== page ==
Today, however, in the wake of the departure of Matsui, the biggest Yomiuri star in a generation, and a spate of losing seasons, it is down to single digits, representing a drop of approximately 10 million terrestrial TV viewers.
It was the biggest single loss of an audience since children’s TV star Pee Wee Herman was caught flagrante delicto in an adult theater in Florida.
Each year the number of prime-time nationwide telecasts into Japan’s 50 million-some homes via the country’s conventional TV network decreases, as more and more gamecasts are relegated to Japan’s relatively underdeveloped regional cable systems and SkyPerfect satellite channels (The number of Giants terrestrial network telecasts has declined from 70 to 40, as of 2007).
Yet, as predatory as the MLB may be, the Negro League analogy is flawed.
The Negro League existed because of the MLB color barrier, and integration of the sport in 1947 by Jackie Robinson made it no longer necessary. Since then, the standing tradition of the MLB has been to look for and sign on the best talent available, no matter from where.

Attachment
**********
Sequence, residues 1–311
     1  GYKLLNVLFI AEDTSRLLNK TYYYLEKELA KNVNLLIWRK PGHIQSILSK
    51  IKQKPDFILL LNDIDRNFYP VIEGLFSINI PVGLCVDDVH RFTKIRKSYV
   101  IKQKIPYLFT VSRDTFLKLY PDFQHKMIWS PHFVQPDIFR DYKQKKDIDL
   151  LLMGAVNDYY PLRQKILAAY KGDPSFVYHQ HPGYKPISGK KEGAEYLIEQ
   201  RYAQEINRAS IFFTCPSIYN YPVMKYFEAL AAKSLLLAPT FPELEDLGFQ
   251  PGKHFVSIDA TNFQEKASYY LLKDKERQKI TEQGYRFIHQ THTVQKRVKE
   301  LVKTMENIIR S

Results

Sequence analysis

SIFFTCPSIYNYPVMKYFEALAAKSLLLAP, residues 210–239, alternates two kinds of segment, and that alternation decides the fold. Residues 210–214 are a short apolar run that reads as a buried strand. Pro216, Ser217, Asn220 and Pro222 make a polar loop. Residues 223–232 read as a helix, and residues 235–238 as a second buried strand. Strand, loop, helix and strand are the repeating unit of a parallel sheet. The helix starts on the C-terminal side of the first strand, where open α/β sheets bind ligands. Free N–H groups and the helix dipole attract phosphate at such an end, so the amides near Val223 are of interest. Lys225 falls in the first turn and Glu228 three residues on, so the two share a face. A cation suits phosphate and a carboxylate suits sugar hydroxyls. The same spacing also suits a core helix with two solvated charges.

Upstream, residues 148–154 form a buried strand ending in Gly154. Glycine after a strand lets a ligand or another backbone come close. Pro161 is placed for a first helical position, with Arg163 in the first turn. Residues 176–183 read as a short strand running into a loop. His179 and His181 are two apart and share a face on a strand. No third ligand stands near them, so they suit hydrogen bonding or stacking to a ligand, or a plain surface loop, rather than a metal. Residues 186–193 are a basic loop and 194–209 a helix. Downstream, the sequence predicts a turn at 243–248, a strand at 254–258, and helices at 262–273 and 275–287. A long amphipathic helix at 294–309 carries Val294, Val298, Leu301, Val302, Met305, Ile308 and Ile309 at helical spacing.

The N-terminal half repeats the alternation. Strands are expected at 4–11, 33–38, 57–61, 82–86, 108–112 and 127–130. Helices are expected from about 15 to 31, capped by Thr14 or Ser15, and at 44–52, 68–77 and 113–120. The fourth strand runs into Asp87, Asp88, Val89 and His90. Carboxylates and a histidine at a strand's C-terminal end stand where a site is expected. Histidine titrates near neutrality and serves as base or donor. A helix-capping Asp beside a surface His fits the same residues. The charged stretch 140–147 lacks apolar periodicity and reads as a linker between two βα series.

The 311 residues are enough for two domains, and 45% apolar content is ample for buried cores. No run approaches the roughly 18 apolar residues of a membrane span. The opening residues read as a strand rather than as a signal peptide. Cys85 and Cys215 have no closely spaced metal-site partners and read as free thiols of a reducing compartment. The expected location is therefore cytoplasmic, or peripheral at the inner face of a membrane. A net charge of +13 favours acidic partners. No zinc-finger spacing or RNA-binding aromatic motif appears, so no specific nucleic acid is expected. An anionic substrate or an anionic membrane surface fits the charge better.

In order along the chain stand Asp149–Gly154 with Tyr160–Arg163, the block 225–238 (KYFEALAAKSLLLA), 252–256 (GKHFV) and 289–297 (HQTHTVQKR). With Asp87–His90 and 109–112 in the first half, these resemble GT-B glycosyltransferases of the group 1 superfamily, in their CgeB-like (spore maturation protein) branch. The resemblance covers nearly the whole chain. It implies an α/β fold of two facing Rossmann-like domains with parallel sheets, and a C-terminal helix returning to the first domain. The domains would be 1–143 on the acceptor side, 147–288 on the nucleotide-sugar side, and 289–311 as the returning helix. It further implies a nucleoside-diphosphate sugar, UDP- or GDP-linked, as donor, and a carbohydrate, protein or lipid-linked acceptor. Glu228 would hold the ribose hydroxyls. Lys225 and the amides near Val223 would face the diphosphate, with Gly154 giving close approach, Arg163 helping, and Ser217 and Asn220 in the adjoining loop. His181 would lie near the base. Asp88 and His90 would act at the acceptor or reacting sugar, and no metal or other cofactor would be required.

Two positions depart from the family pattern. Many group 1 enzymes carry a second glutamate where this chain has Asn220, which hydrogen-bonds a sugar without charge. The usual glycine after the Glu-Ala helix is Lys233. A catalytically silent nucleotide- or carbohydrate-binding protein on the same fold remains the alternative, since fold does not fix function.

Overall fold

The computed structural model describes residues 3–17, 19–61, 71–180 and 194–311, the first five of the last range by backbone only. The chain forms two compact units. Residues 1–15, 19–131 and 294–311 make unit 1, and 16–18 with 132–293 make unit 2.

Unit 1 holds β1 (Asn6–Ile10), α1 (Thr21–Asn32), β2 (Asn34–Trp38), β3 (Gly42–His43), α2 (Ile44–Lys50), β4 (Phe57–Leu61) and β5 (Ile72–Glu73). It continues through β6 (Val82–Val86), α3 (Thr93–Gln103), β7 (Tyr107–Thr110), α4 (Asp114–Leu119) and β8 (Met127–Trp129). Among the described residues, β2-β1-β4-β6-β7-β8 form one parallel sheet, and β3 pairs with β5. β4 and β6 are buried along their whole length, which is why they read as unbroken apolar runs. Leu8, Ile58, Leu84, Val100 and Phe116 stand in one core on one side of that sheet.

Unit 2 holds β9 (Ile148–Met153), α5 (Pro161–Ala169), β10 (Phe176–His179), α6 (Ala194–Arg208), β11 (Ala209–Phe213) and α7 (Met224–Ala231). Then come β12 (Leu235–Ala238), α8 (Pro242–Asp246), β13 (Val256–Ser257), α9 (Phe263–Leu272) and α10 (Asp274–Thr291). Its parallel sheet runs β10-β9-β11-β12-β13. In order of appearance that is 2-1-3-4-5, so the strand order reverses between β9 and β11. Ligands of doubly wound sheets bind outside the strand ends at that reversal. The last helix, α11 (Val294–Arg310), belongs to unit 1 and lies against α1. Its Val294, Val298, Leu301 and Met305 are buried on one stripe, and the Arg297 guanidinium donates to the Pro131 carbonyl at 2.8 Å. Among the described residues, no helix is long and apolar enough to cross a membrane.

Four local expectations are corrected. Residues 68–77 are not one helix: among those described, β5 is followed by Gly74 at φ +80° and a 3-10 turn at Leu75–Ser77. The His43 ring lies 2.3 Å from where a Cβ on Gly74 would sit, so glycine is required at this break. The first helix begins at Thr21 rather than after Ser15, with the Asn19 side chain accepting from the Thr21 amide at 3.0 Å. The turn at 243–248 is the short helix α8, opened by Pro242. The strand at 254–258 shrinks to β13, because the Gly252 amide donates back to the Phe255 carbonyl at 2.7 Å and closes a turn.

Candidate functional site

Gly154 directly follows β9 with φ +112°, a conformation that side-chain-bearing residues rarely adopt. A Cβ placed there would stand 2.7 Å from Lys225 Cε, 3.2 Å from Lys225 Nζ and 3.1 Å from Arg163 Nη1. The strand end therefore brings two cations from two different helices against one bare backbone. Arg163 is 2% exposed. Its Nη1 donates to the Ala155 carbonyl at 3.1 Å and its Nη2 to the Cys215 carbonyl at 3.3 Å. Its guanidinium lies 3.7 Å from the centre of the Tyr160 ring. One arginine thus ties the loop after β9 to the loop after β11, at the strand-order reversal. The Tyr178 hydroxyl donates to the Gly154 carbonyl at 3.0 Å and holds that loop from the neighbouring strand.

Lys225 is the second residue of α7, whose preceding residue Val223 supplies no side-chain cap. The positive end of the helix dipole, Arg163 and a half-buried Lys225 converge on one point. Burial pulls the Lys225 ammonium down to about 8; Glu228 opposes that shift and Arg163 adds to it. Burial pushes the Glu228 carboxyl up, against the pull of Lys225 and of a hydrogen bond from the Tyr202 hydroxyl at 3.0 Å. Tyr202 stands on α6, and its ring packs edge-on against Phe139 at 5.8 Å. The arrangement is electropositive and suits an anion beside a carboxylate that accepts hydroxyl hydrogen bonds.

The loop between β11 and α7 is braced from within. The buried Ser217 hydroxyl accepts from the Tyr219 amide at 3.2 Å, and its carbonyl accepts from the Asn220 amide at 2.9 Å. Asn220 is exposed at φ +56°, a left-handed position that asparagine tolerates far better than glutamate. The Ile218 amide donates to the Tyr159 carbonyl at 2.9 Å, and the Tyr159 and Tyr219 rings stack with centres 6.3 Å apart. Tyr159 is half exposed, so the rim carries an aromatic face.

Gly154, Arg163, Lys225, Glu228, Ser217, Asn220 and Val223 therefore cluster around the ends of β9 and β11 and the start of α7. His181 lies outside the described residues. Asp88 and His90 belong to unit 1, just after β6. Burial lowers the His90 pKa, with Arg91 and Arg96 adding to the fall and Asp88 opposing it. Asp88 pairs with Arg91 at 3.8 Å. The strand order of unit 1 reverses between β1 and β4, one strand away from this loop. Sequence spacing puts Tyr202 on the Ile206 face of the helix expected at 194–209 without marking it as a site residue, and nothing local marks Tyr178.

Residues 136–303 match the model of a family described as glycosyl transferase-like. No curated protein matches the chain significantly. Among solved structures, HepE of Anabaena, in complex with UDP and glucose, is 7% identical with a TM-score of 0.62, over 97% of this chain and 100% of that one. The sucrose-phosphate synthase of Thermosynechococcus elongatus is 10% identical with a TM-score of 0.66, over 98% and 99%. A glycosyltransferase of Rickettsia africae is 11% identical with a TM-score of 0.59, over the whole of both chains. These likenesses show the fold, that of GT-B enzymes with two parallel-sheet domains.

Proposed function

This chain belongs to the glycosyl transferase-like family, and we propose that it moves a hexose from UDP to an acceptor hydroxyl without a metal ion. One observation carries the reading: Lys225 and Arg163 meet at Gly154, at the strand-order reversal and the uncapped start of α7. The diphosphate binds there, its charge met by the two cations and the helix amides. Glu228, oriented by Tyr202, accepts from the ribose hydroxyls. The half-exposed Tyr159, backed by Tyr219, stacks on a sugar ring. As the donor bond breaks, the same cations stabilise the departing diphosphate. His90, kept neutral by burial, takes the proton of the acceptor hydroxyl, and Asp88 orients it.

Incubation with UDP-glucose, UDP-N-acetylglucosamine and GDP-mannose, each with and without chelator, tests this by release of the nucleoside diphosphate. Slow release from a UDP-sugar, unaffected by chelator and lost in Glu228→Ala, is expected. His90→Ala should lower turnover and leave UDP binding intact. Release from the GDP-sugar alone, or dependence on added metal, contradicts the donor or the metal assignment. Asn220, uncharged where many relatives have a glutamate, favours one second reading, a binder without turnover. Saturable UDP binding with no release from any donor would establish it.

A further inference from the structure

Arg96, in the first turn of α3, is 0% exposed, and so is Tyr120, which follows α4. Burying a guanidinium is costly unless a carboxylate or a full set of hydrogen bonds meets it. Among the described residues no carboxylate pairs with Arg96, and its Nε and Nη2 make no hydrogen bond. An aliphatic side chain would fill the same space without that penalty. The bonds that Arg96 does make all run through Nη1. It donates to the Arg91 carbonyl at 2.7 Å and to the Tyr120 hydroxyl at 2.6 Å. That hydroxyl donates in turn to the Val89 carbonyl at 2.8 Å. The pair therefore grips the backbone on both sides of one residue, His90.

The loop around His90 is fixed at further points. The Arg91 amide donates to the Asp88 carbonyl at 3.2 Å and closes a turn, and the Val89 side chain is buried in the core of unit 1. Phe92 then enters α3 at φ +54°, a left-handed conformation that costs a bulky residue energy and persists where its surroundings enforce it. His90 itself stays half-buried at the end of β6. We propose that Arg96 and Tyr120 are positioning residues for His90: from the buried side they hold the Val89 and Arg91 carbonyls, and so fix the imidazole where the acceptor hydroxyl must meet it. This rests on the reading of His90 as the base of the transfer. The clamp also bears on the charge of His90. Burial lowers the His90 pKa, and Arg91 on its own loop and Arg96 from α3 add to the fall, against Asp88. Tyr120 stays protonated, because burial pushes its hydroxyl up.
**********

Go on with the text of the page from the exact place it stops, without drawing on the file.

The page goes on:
This is something that contrasts with long-standing NPB ideas in Japanese baseball about limiting the number of gaijin suketto (foreign helpers), as non-Japanese players are known, and frequently expressed desires to field ethnically “pure” all-Japanese teams.
No, when all is said and done, the NPB’s problems are primarily of its own making.
In Japan, professional baseball teams have always been the playthings of giant corporations. They have treated their players as vassals and viewed their teams as PR shills for their products.
The Hokkaido Nippon Ham Fighters, the 2006 champions of Japan, are owned by meat processing giant Nippon Ham, and exist mainly for the purpose of promoting selling weiners.
It is considered less expensive to buy and operate a baseball team, that appears under the name of the parent company in the media every day, than it is to buy advertising on prime-time TV nightly in Japan.